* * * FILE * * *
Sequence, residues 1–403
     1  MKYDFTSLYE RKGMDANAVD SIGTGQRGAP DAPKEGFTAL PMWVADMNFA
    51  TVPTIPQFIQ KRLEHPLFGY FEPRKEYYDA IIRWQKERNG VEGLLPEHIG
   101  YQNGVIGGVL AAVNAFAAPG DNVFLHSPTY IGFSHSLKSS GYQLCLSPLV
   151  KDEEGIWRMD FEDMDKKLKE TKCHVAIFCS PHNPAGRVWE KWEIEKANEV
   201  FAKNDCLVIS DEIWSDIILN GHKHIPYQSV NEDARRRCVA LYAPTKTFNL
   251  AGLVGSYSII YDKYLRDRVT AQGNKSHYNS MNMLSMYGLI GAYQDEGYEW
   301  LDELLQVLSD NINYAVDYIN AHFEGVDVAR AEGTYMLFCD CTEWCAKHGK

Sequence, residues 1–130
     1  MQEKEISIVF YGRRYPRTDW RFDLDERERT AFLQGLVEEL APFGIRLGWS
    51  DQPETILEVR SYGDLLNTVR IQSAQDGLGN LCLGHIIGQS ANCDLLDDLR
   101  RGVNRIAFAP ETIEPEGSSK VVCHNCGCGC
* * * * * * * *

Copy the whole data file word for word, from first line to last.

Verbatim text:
Sequence, residues 1–403
     1  MKYDFTSLYE RKGMDANAVD SIGTGQRGAP DAPKEGFTAL PMWVADMNFA
    51  TVPTIPQFIQ KRLEHPLFGY FEPRKEYYDA IIRWQKERNG VEGLLPEHIG
   101  YQNGVIGGVL AAVNAFAAPG DNVFLHSPTY IGFSHSLKSS GYQLCLSPLV
   151  KDEEGIWRMD FEDMDKKLKE TKCHVAIFCS PHNPAGRVWE KWEIEKANEV
   201  FAKNDCLVIS DEIWSDIILN GHKHIPYQSV NEDARRRCVA LYAPTKTFNL
   251  AGLVGSYSII YDKYLRDRVT AQGNKSHYNS MNMLSMYGLI GAYQDEGYEW
   301  LDELLQVLSD NINYAVDYIN AHFEGVDVAR AEGTYMLFCD CTEWCAKHGK

Sequence, residues 1–130
     1  MQEKEISIVF YGRRYPRTDW RFDLDERERT AFLQGLVEEL APFGIRLGWS
    51  DQPETILEVR SYGDLLNTVR IQSAQDGLGN LCLGHIIGQS ANCDLLDDLR
   101  RGVNRIAFAP ETIEPEGSSK VVCHNCGCGC